The Life of Animals | Kinkajou | A Kinkajou adult weighs 1.4 to 4.6 kg (3-10 lb). The adult body of 40-60 cm (16-24 inches), along the length of the body, the tail is long 40-60 cm (16-24 inches). The Kinkajou wool coat consists of an outer layer of gold (or brownish-gray) overlapping a gray coat. It has large eyes and small ears. Kinkajous Range from the east and south of the Sierra Madre in Mexico, through Central America to Bolivia east of the Andes and the rainforest in southeastern Brazil. Although ranked Kinkajou Carnivora and has sharp teeth, omnivorous diet consists mainly of fruits. Kinkajous especially enjoy figs. It has been suggested, without direct evidence that occasionally bird eggs and small vertebrates eat.

The Kinkajou thin five inch extrudable tongue helps the animal and plant get the licking nectar from flowers, so that it can act as pollinators. (Nectar is also sometimes obtained by eating whole flowers.) Although marked enthusiastic individuals eat honey (hence the name "Honey Bear"), honey has not been observed in the diet of these last wild. Such as raccoons, hammers rivals "remarkable manipulative skills of primates. Not that tail to grab food. scent glands in the neighborhood of kinkajous mouth, throat and stomach to leave their territory to expand their routes and markings. Kinkajou generally peak between about 19:00 and midnight, and again an hour before sunrise avoided kinkajous daytime sleep in tree hollows or in shaded tangles of leaves, direct sunlight.

Kinkajous are sometimes kept as exotic pets. Kinkajous like sudden movements, noises and awake during the day.  In El Salvador, Guatemala and Honduras pet kinkajous micoleón commonly called, meaning "lion monkey". Animals in Peru kinkajous are commonly called "Liron". The dormouse is often described as "monkey-bear" or "bear hybrid mono".
Find The Life of Animals

Post Labels

Albatross Alligator Amphibian Anteater Antelope Ape Armadillo Aves Avocet Axolotl Baboon Badger Bandicoot Barb Bat Bear Beaver Bee Beetle Beetle Horns Binturong Bird Birds Of Paradise Bison Boar Bongo Bonobo Booby Budgerigar Buffalo Bugs Bull Butterfly Butterfly Fish Caiman Camel Capybara Caracal Cassowary Cat Caterpillar Catfish Cattle Centipede Chameleon Chamois Cheetah Chicken Chimpanzee Chinchilla Cicada Cichlid Civet Clouded Leopard Clown Fish Coati Collared Peccary Common Buzzard Cougar Cow Coyote Crab Crane Critically Endangered crocodile Crustacean Cuscus Damselfly Deer Dhole Discus Dodo Dog Dolphin Donkey Dormouse Dragon Dragonfly Duck Dugongs Eagle east Concern Eastern Rosella Echidna Eel Elephant Emu Extinct Falcon Fennec fox Ferret Fish Flamingo Flatfish Flounder Fly Fossa Fox Frog Gar Gazelle Gecko Gerbil Gerridae Gharial Gibbon Giraffe Goat Goose Gopher Gorilla Grasshopper Green Anaconda Guinea Fowl Guinea Pig Gull Guppy Hamster Hare Harp seal Hawk Hedgehog Heron Hippopotamus Horse Hummingbird Hyena Ibis Iguana Impala Insect Invertebrate Jackal Jaguar Jellyfish Jerboa Kangaroo Kestrel Kingfisher Kiwi Koala Komodo Kowari Kudu Ladybird Ladybug Larvae Lemming Lemur Leopard Liger Lion Lizard Llama Lobster Loris Lynx Macaque Magpie Mammoth Manta Ray Markhor Marsupial Mayfly Meerkat Mermaid Millipede moles Mollusca Mongoose Monkey Moorhen Moose Mosquito Moth Mule Near Threatened Newt Nightingale ntelope Nudibranch Numbat Octopus Okapi Omnivore Orangutan Oriole Ornamental Birds Ornamental Fish Ostrich Otter owl Oyster Pademelon Panda Panthera Parrot Peacock Pelican Penguins Phanter Pig Pika Pike Platypus Polar Bears Porcupine Possum Prawn Primate Puffer Fish Puffin Puma Quoll Rabbit Raccoon Rare Rat Reindeer Reptile Rhino Robin Rodent Salamander Salmon Scorpion Scorpion Fish Sea ​​horse Sea lion Seals Serval Shark Skunk Snake spider Squid Squirrel Starling Bird Stoat Stork Swan Tapir Tarantula Threatened Tiger Tortoise Toucan Turtle Vulnerable Vulture Walrus Warthog Weasel whale Wildebeest Wolf Wolverine Wombat Woodlouse Woodpecker Zebra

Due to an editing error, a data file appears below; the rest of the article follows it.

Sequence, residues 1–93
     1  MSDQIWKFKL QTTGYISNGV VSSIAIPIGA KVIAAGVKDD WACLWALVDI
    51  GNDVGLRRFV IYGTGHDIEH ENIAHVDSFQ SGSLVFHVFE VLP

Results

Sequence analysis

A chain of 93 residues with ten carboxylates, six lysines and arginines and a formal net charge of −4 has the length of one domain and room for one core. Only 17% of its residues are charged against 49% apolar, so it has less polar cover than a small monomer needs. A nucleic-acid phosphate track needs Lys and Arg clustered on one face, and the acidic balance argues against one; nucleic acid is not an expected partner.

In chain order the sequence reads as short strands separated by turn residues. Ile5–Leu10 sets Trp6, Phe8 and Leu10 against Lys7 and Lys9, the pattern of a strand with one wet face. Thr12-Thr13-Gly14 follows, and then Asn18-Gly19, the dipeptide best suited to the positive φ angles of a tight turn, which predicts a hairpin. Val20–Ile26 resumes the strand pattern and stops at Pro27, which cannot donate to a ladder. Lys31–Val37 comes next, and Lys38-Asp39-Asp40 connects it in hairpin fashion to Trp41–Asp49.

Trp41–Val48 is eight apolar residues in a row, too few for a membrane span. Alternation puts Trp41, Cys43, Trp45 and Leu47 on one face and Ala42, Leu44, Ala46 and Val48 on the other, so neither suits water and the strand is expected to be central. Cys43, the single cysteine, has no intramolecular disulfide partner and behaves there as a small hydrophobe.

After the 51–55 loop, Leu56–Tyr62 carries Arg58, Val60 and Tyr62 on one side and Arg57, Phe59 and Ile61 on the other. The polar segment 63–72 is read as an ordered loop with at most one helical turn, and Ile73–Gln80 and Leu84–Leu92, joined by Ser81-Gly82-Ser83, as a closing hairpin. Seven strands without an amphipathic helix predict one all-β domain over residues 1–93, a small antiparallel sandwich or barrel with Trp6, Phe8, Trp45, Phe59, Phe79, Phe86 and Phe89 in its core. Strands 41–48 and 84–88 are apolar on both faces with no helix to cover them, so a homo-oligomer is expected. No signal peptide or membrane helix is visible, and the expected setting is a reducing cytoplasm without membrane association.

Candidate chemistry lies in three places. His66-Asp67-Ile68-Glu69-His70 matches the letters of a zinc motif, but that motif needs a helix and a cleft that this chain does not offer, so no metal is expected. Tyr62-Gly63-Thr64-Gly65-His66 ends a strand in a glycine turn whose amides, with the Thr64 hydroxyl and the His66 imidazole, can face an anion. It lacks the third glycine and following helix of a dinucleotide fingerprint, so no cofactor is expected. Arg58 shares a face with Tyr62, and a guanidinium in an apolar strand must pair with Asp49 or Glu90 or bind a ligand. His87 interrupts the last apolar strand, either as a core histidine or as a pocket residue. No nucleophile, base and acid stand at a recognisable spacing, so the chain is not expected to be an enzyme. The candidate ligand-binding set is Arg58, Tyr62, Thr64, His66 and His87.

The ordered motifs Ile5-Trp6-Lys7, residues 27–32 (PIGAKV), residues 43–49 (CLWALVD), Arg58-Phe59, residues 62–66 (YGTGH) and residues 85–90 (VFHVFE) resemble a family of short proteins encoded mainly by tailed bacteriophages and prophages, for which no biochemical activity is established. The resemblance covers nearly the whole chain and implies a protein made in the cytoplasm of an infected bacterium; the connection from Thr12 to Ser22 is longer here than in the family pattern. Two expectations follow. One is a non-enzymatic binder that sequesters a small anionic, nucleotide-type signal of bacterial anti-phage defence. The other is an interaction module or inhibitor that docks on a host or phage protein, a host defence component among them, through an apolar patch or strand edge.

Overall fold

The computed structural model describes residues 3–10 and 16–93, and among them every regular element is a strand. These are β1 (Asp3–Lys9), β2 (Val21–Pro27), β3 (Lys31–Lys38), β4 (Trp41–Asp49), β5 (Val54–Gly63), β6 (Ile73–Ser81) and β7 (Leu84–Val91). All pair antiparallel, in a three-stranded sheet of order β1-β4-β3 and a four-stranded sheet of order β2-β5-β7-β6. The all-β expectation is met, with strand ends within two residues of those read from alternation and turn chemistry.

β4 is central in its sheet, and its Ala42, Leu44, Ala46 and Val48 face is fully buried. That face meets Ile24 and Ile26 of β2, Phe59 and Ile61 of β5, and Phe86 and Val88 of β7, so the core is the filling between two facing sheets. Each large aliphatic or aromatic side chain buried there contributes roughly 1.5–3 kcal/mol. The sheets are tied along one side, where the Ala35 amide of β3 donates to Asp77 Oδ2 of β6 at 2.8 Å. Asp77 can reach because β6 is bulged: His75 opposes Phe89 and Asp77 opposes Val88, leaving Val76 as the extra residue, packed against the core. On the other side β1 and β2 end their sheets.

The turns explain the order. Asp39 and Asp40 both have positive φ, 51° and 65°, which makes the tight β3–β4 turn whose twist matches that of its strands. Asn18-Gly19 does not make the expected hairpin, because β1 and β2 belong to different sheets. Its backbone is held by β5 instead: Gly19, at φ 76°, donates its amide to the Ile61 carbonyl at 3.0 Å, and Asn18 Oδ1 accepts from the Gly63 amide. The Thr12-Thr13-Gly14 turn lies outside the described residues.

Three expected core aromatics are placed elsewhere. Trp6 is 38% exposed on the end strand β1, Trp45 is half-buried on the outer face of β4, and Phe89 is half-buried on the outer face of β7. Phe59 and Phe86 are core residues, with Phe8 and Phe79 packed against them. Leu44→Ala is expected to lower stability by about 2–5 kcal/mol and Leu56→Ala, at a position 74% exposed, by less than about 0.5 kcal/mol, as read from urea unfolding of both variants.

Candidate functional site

Blog Archive